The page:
To any NIV-thumping, tract-packing proselyte, the local Christian book store has traditionally been the first line of defense in the battle of CCM awareness. And though this wasn’t always the case, these stores increasingly represent the front lines of the Christian music industry. Even with the remarkable spike in digital music sales, there remains a sort of coming of age significance (often followed by an older coming of age disillusionment) and an almost secret-society-like self appointed relevance within the brotherhood of the sanctified marketplace. A visit to my favorite faith-centered literary outlet brings with it the guarantee of kitschy crap (“Jesus died for MySpace in heaven,” “Testa-mints,” “FaithBook”), the latest mennonite puns from the clever staff* (Haste the Daae, Newsboyds, Lifehause, Hawk Nielssen, Big Daddy Wiebe, and the timeless Daemon Guenter “Strom the Goetz of Hell”), browsing but never buying, and of course the always lovely Christian/secular band comparison chart. No doubt you’ve seen its dead on comparisons noting that dc Talk = Weezer, and Newsboys = Radiohead (dead serious). And although these unforgivable sins are laughably inaccurate to any eared human beings older than 8, its exciting when a band comes along with enough vision and creativity to throw a wrench into the pointless obsession with comparison credibility misappropriation. Edison Glass is such a band.
Their 2006 debut A Burn Or A Shiver was, although relatively conventional, a hell of a first swing. Due less to its stark novelty than its razor tight focus and rampant cohesion it was in a word, solid. Of course for this in part we must offer up our thanks to the sovereign production of Brad Wood (Sunny Day Real Estate, mewithoutYou, The Smashing Pumpkins) who could (if the shoe fit) make microwave popping corn sound tighter than the pants from a Stryper press photo.
This time around the credit is all Edison’s. With Nathan Dantzler (Who? Exactly.) at the sonic helm results are less immediate and, although the production values are essentially the same as before, it carries at times a subtle banality altogether new to the Edison Glass presentation. More often than necessary, hook-less songs explore a weaving path through winding yawns and ho-hum melodies, held together with inevitably blase guitar tones. As with any band teetering on the borders of pop and prog they stumble upon moments of true even-handed brilliance, unfortunately all too forgettable in the end. The aforementioned comparison chart would do well to tell you that at their best they put together the broken puzzle pieces of Cursive, These Arms Are Snakes, Sleeping At Last, and Further Seems Forever, while at their worst they flirt with Sparta, Cedric Bixler-Zavala’s ghostly yowl, and an uninspired reincarnation of the Jesus Lizard. In reality the chart will preach that “if you like The Fray, Meatloaf, Nirvana, The Beatles, Ladysmith Black Mambazo, Bach, Jay-Z, Aaron Neville, and Zao, you’ll _love_ Edison Glass. Well, who wouldn’t?
Fiction peels out with the first single “Let Go” and once you’re over some of the poorer lyrics and out-of-place references to historical figures (seriously, you name your band after two dead geniuses and still think it necessary to name drop Einstein?) its pretty obvious that this is one of the record’s standout tracks. It (for better or worse) brings with it one of the discs’ best moments in a sing-along, clap-along acapella breakdown, meaning that while we immediately witness the growth of an impressively assorted bag of tricks, we have in fact peaked 1 minute and 10 seconds into the first song. Herein its more of a wishy-washy plateau than a rapid decline. “All Our Memories” is the unexpected best track due in large part to the Jekyll and Hyde dynamics, the lovely chorus (“oh to be more than lovely, we can be lovers”), the climbing harmonies, and the suck-in-your-gut, vocal range muscle flex nearing the end. “Jean Val Jean” is a poignant lesson in less is more, highlighted by the last half; a gentle staircase of bells, strings, and melody singing “Its a battle between grace and pride,” which might be a better definition of the record than any I could give.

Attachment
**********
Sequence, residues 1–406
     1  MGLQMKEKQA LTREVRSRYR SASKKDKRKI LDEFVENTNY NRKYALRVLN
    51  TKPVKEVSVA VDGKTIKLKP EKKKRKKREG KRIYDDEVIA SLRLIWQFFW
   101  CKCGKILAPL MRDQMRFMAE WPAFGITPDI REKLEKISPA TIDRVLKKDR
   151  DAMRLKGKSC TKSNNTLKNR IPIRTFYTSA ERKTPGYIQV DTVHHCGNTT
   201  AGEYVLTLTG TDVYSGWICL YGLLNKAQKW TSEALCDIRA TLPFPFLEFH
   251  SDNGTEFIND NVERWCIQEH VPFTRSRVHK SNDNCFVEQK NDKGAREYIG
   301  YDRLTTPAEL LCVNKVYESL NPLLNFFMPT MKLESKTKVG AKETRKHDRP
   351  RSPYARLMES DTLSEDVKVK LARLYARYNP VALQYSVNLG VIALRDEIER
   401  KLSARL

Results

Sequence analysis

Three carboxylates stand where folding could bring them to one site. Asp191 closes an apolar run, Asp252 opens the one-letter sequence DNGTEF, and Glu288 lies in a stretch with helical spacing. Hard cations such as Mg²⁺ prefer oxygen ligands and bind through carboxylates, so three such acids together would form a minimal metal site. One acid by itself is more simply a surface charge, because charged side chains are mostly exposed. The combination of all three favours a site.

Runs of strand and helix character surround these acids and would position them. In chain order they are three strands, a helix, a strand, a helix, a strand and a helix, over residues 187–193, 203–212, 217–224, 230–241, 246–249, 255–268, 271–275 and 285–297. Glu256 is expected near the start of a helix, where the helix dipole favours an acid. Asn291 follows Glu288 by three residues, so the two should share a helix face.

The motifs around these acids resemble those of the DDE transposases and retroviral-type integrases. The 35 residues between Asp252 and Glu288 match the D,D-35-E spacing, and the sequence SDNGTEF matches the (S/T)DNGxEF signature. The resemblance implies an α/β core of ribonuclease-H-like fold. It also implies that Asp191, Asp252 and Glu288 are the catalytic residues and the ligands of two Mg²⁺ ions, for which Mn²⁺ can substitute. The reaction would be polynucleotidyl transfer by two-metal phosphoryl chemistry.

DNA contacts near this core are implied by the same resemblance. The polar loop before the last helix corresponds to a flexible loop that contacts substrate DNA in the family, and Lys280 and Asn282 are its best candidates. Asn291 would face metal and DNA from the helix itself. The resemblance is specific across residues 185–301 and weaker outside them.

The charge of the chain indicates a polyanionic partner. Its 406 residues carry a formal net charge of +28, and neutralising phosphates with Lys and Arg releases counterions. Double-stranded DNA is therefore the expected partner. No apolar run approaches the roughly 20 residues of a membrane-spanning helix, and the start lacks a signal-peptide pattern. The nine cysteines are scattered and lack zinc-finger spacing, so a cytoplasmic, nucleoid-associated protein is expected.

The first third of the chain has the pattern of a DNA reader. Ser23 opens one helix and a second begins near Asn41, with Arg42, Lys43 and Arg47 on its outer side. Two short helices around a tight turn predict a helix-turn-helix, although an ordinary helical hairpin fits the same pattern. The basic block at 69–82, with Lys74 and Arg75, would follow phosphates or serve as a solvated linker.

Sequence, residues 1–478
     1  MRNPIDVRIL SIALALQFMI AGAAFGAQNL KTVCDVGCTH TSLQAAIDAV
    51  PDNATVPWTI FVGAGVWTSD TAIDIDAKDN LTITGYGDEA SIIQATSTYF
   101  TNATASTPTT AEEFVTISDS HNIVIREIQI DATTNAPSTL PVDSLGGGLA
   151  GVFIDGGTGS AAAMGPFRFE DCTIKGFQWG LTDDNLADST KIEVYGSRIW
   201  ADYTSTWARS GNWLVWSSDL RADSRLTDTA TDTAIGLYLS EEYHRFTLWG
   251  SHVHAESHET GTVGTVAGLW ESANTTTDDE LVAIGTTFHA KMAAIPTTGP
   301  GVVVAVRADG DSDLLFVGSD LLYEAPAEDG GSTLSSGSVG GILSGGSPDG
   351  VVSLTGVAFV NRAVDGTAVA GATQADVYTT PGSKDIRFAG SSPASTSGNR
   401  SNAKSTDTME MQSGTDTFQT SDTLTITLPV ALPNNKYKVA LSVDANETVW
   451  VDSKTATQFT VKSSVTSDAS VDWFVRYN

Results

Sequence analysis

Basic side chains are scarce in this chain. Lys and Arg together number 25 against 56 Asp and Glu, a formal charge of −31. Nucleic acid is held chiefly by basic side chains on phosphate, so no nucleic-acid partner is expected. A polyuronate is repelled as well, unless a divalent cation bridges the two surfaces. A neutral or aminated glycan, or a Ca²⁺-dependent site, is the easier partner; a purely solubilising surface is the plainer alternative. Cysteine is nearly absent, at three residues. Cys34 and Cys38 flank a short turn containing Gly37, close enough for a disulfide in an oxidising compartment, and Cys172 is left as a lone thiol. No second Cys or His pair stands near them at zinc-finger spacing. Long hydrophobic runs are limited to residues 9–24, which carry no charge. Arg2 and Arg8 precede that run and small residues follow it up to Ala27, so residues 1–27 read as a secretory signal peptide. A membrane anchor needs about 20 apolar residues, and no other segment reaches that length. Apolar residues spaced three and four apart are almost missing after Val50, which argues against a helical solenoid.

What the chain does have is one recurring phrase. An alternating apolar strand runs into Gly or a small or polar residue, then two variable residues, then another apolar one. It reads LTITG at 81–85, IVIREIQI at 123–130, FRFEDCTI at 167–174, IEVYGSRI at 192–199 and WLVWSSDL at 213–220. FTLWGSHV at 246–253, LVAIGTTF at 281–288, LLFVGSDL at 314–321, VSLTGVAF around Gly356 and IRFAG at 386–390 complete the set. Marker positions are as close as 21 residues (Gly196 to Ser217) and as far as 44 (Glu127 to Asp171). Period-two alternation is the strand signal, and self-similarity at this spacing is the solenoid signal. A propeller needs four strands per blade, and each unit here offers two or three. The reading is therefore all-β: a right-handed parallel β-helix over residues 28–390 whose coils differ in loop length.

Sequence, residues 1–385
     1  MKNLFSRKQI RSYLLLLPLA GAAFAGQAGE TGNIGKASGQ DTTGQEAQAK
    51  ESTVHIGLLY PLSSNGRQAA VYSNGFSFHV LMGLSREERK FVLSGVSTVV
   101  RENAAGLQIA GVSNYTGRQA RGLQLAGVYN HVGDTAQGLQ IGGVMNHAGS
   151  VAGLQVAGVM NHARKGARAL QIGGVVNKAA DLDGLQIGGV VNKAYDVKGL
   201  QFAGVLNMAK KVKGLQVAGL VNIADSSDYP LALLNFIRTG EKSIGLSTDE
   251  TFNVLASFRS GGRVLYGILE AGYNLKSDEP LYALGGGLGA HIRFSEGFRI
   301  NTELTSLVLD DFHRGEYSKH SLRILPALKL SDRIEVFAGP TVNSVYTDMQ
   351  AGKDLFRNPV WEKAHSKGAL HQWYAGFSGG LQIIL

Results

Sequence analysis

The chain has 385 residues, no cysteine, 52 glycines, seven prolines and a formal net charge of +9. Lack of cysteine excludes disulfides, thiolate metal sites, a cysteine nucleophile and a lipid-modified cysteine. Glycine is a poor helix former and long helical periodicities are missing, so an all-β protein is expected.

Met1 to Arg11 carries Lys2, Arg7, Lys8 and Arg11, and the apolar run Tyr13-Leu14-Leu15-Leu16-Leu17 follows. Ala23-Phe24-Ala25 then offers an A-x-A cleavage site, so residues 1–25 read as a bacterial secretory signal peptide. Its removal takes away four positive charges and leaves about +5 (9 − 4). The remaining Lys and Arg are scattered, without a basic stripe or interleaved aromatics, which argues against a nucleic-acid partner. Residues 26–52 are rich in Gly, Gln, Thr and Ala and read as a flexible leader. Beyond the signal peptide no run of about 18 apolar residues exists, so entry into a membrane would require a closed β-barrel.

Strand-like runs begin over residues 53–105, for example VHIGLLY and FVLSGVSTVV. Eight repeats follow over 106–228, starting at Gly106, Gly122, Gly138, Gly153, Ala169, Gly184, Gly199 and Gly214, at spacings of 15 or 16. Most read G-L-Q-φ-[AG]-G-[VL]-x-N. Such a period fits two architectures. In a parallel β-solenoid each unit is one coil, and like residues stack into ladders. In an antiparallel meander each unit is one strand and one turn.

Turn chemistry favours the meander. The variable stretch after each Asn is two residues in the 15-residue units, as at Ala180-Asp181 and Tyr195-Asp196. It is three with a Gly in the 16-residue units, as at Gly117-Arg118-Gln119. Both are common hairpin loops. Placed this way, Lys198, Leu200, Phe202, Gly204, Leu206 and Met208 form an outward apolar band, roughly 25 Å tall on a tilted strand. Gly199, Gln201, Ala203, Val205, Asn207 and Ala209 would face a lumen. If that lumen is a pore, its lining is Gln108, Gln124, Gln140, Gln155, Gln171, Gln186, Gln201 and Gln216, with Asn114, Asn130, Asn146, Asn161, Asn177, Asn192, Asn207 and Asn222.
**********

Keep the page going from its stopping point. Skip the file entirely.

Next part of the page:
Opposite to how a catchy hook can trump a shallow concept, their determination to don the blinders and stay the course overcomes their lack of instant payoff. It’s their commitment to the cause that wins me over, and their lack of everyday radio ready hues that convicts me of almost always caring way too much about constant gratification. Essentially Edison Glass play indie rock like a hardcore band might. They demand participation, and force us to work for our pleasure. And since its at times a test of patience, the reward seems all the more worthwhile. In a world overwrought by sub-genred madness, Edison Glass emerge as possible heirs to the prog pop (dare I say “prop” **) throne or “art-mo” ** dynasty. Its art rock for emo kids, the thinking man’s pop-punk, and the every-man’s prog rock. The next-next big thing, for the post-post-post-hardcore generation.
*Colin Richet of Stereotrap demands and deserves all “nu-menno” related kudos.
**Jordan Kurtz reluctantly and defiantly admits to loving sub-genres.
Jordan Kurtz is a writer, musician, and radio host living in Canada.
TagsAndrew Sullivan Apologetics Arts Atheism Barack Obama Belief Bible Book Review Books Capitalism Catholic Church Catholicism Charles Taylor Christian Christianity Christianity Today Church Conservatives Evangelicalism Evangelicals Facebook Faith God Gospel Coalition History Jesus Journalism Mark Driscoll Marriage Marvin Olasky Marxism Media New Sincerity New York Times Patheos Philosophy Politics Religion Religion and Spirituality Rob Bell Ross Douthat Same-sex marriage Secularism Theology United States
Subscribe to Patrol via Email